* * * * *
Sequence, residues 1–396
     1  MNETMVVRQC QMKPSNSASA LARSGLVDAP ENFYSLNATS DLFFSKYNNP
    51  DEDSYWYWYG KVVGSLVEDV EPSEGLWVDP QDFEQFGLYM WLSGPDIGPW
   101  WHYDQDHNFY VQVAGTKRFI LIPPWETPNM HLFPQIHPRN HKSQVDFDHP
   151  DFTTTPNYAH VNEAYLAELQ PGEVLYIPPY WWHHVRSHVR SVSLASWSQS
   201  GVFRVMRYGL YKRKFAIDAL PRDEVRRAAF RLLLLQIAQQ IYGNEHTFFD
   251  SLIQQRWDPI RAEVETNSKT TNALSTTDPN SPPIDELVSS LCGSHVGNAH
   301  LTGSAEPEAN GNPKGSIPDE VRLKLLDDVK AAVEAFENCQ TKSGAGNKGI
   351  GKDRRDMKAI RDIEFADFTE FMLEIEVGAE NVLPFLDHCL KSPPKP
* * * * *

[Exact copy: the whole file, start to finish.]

Sequence, residues 1–396
     1  MNETMVVRQC QMKPSNSASA LARSGLVDAP ENFYSLNATS DLFFSKYNNP
    51  DEDSYWYWYG KVVGSLVEDV EPSEGLWVDP QDFEQFGLYM WLSGPDIGPW
   101  WHYDQDHNFY VQVAGTKRFI LIPPWETPNM HLFPQIHPRN HKSQVDFDHP
   151  DFTTTPNYAH VNEAYLAELQ PGEVLYIPPY WWHHVRSHVR SVSLASWSQS
   201  GVFRVMRYGL YKRKFAIDAL PRDEVRRAAF RLLLLQIAQQ IYGNEHTFFD
   251  SLIQQRWDPI RAEVETNSKT TNALSTTDPN SPPIDELVSS LCGSHVGNAH
   301  LTGSAEPEAN GNPKGSIPDE VRLKLLDDVK AAVEAFENCQ TKSGAGNKGI
   351  GKDRRDMKAI RDIEFADFTE FMLEIEVGAE NVLPFLDHCL KSPPKP